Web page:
Nearly 20 million seniors ages 65 and older visit the emergency room each year with almost a third of the visits related to injuries*, many of which are sustained in the place seniors are meant to feel the safest: their home. In fact, 65 percent of senior homes have at least one potential safety issue, according to adult children of seniors surveyed by Home Instead, Inc., franchisor of the Home Instead Senior Care network. However, almost half of all home accidents by seniors (48 percent) can be avoided according to a recent survey of emergency room doctors.**
These preventable home hazards, such as throw rugs or loose railings, can be particularly harmful, leading to falls and injuries that can impact seniors’ ability to live independently. However, the majority of seniors (85 percent) haven’t taken any steps to prepare their homes for their changing needs as they grow older.
“The home should be the safest and most comfortable place for aging seniors,” says Jonathan Fry of the Home Instead Senior Care office serving Sebastian, Crawford, Franklin and Johnson counties. “It is critical for families and seniors to invest the time in identifying the necessary home safety modifications to ensure it stays that way.”
Senior home safety experts recommend that adult children of seniors take at least one day each year to perform a thorough safety check of their parents’ home. To help families accomplish this goal and help seniors reduce the risk of injury in their own homes, the Home Instead Senior Care office serving Sebastian, Crawford, Franklin and Johnson counties is offering free home safety checks conducted by local senior care experts. The safety checks will be provided at no cost on a time-available basis.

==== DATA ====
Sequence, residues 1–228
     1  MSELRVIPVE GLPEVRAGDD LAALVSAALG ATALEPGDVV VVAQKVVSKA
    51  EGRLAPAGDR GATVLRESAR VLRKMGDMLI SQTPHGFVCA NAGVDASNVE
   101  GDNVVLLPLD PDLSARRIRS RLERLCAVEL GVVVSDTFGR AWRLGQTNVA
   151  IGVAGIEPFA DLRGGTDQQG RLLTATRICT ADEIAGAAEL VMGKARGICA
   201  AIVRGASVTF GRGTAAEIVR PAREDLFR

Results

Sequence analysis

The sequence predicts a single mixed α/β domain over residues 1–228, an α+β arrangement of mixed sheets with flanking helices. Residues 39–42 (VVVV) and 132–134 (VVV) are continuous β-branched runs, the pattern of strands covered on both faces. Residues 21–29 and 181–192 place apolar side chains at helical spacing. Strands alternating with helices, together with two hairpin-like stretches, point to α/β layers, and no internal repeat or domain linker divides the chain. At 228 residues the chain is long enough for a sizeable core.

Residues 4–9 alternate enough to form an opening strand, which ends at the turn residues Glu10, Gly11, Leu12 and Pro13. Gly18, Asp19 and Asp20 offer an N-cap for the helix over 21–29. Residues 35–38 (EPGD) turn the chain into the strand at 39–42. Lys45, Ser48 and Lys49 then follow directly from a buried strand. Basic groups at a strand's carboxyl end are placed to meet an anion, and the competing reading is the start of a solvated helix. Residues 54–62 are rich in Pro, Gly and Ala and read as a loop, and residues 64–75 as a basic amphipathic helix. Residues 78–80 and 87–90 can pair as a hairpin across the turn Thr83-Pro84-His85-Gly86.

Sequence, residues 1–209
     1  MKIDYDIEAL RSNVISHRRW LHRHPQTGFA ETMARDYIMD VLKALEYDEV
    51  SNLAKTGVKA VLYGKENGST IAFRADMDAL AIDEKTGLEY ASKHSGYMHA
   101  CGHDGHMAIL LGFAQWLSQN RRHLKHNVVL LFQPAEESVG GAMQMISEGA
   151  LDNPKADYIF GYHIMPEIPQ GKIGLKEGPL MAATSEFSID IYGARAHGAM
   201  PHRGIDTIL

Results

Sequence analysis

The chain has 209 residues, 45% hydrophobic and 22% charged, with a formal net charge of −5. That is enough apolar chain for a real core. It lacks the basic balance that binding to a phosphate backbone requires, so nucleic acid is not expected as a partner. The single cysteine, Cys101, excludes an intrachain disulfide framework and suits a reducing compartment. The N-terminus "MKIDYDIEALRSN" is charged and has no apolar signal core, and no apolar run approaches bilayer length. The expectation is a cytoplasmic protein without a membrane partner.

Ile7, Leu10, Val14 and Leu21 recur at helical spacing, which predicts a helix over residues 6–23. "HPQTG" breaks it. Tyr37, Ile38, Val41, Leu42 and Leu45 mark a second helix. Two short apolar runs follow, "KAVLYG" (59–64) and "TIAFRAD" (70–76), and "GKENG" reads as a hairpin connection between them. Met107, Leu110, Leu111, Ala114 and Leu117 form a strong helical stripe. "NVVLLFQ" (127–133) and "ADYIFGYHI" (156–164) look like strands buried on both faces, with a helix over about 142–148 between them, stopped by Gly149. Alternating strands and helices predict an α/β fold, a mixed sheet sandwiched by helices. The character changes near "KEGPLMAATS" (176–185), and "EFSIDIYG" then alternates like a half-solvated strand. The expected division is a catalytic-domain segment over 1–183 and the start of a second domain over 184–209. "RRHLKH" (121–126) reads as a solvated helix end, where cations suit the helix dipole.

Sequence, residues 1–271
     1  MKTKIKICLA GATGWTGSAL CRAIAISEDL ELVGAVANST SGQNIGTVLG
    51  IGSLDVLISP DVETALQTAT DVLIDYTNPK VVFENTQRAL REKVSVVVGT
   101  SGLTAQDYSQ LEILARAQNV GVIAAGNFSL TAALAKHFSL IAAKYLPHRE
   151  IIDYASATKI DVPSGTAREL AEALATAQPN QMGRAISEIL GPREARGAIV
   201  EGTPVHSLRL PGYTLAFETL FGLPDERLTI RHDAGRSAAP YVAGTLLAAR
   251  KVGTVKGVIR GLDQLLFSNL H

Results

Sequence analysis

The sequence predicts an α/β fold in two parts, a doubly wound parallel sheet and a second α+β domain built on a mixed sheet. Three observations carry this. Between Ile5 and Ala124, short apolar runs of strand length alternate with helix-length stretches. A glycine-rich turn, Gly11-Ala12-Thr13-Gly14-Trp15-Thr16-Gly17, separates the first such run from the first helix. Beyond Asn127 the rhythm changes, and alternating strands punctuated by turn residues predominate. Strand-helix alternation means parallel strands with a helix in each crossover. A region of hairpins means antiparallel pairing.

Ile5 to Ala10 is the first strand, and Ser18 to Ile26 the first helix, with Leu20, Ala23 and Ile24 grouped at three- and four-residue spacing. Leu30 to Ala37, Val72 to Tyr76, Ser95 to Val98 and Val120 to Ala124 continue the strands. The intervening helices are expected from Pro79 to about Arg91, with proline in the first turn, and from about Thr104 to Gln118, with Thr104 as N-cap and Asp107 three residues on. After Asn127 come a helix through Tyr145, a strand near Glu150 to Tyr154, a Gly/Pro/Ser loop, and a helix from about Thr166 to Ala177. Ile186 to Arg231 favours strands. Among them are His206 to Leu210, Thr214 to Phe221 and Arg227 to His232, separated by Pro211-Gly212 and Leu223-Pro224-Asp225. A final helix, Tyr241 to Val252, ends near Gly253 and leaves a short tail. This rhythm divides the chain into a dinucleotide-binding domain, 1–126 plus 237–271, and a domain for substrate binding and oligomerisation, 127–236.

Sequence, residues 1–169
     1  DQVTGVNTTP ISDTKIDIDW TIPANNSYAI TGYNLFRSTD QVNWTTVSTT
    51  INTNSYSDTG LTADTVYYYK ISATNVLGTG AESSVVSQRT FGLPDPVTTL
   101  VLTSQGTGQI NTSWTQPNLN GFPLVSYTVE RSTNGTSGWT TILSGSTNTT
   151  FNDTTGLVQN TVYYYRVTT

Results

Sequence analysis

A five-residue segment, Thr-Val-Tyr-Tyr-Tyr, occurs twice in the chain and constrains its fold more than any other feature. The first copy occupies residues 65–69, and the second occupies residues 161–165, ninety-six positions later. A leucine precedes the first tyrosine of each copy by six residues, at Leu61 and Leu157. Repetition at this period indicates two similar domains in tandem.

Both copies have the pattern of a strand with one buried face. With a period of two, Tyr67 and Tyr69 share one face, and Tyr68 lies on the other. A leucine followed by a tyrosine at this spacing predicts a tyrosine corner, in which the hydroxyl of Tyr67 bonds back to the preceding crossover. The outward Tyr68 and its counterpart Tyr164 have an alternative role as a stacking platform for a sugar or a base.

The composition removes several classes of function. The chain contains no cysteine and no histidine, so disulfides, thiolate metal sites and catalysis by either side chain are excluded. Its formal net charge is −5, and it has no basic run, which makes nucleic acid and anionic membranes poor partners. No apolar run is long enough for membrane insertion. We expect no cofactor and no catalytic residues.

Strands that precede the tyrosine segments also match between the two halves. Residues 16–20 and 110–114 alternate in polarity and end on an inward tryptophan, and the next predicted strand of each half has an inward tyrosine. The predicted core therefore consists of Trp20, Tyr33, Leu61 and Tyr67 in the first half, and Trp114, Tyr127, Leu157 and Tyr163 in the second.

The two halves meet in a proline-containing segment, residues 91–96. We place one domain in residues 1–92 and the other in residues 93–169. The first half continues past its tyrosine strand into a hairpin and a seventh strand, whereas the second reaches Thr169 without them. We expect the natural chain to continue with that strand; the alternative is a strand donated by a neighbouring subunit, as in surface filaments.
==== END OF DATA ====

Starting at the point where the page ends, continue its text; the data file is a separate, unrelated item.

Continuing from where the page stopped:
“An annual safety check can help seniors avoid dangers that could threaten their independence,” said Fry. “When we go into homes, we see a lot of red flags that are easily overlooked by those who are familiar with the home. Most of the time, these are relatively easy and affordable fixes—and they could be the difference between a trip to the emergency room and staying safe at home.”
The most common issues found in seniors’ homes are tripping hazards, bathrooms without assistive equipment, such as grab bars on the shower or tub, and storage that’s too high or too low. A free home safety checklist, online safety assessment and recommendations for inexpensive modifications that could ensure the safety of older loved ones are also available at 479-434-6960.